Artist Donald Gialanella Discusses New Palm Desert Installation

“Sunburst” at San Pablo Avenue and San Gorgonio Way is the city’s newest — and largest — piece of public art.

June Allan Corrigan Arts & Entertainment, Sponsored

The large-scale sculpture was recently installed on the roundabout at San Pablo Avenue and San Gorgonio Way.

Ethereal is not a word one typically associates with 12,000 pounds of stainless steel. Yet “Sunburst” — Palm Desert’s newest and largest art installation — manages to give that impression despite being composed of heavy metal.

Credit Donald Gialanella, an artist who specializes in the design and fabrication of public art, for achieving such a feat. The St. Petersburg, Florida–based artist answered the call for submissions when Palm Desert was seeking ideas to enhance the roundabout on the newly revitalized San Pablo Avenue at San Gorgonio Way.

Armando’s Bar

The artist with another sculpture in his studio.

 Gialanella’s was one of two submissions the city was considering, and when put to a public vote, his “Sunburst” design aced the competition.

No stranger to the desert, Gialanella lived in Topanga Canyon for six years and visited the Coachella Valley frequently. Inspiration for his winning design came during one of his daily mind-clearing walks. “The sun was dappling through the palm tree foliage above me, and I was seeing little stars,” he says. “I got to thinking that would be a perfect design — something akin to a burst of sunlight.” Believing it would suit a desert setting, he got to work.

Turning his vision into a reality required more than a few sketches. It took Gialanella several weeks just to perfect the way the rays were going to radiate out from the center of the burst. “And of course, it had to be practical and supportive,” he says, explaining how additional time was spent working with an engineer to ensure the installation would be stable. “Sunburst” took a year and a half to complete.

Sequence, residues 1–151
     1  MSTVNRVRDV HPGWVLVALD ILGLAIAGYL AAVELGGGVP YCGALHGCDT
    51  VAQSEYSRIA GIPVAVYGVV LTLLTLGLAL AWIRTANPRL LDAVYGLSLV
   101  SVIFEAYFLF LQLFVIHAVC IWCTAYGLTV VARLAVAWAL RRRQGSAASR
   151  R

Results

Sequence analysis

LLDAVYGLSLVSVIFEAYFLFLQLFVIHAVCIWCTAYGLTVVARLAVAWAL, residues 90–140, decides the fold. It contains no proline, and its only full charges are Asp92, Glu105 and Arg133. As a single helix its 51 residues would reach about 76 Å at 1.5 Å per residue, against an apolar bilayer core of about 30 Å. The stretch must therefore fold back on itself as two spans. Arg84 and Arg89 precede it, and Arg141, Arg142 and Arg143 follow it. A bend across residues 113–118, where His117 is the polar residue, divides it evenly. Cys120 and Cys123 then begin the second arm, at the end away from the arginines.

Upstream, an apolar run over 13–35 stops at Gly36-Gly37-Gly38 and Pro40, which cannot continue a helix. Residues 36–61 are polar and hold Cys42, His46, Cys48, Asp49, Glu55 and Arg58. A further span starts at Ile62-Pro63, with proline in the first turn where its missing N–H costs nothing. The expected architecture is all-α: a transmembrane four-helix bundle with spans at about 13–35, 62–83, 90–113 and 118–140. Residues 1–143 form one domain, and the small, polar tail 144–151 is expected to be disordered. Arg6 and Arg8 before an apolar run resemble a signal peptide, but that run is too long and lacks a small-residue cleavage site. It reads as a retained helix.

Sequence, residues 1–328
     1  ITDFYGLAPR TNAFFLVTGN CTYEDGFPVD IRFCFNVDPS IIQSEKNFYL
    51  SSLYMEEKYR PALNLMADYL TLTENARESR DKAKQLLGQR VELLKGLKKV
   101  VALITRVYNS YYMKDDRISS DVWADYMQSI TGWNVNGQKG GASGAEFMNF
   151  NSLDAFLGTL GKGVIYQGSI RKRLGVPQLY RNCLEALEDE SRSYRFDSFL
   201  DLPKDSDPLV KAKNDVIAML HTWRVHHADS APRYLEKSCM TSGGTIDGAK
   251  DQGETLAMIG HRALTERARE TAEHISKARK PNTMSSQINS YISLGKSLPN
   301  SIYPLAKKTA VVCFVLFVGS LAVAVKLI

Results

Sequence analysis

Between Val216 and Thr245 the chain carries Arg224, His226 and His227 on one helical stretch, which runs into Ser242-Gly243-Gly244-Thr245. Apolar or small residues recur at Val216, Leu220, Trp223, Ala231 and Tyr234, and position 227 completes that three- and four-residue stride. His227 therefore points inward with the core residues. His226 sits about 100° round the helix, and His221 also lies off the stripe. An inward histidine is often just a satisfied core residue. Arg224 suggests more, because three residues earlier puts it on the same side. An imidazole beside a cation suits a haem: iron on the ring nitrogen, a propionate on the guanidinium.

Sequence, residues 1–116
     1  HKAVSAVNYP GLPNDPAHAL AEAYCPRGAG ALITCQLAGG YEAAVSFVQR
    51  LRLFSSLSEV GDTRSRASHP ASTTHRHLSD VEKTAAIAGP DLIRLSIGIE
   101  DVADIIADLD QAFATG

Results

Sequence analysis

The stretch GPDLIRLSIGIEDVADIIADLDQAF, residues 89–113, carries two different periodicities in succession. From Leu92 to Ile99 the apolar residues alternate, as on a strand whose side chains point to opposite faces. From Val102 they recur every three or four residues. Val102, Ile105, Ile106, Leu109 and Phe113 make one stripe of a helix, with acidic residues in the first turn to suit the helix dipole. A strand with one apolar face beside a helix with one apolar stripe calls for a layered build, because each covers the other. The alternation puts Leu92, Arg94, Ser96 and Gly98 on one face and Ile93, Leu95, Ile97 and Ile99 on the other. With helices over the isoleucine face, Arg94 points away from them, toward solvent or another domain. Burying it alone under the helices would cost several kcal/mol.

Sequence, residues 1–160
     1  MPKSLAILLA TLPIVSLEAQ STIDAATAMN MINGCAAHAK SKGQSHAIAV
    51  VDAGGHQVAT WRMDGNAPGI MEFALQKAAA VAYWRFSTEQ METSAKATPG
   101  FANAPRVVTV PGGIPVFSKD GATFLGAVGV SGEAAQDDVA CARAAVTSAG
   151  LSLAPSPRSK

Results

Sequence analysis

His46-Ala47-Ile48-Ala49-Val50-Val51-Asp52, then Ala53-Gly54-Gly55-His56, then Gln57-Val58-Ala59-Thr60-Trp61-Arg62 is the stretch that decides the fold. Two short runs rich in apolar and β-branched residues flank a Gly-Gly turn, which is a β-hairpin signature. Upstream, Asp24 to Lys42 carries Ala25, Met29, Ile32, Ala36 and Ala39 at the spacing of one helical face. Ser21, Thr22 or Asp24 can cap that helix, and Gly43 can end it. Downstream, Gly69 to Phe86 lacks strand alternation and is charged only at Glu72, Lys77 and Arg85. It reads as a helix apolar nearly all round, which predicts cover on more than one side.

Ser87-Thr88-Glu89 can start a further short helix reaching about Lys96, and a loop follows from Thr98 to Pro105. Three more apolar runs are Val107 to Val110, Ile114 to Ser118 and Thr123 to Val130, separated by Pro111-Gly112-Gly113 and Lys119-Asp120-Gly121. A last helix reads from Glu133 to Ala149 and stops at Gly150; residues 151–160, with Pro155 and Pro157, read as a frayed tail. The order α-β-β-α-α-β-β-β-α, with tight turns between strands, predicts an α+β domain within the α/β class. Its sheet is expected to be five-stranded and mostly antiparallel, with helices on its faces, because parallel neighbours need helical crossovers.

tacquila palm springs
tacquila palm springs

There were logistics to consider as well. Entirely laser cut and TIG-welded together, “Sunburst” is 25 feet tall with a base diameter of approximately 17 feet. The sculpture’s rays are comprised of painstakingly textured, half-inch stainless steel plates, and Gialanella estimates its four support legs weigh 4,000 pounds alone. Built in his Florida studio, the piece was shipped to California in pieces that had to fit certain dimensional parameters and required some assembly on-site.

“There’s the creative half of a project, and then there’s the engineering half of a project,” the artist says. “The real fun for me is creating the initial design of a piece. That’s the ‘wow’ moment, when I get to dream up a fantastic design. And then the not-so-fun part is actually making it real in 3D and doing all the engineering. That’s the moment I wonder why I proposed such a crazy idea in the first place!”

tacquila palm springs

Residents and merchants are certainly glad Gialanella came up with the concept of “Sunburst” and persevered through its creation and accompanying logistics. Installed this past November, Gialanella’s abstract representation of the sun is indeed ethereal — which was his intent all along. “The ultimate goal for me is have the aesthetic of a sculpture come through and belie [or disguise] any materials I used to create it.”

The city will host an official dedication ceremony in January. For details, visit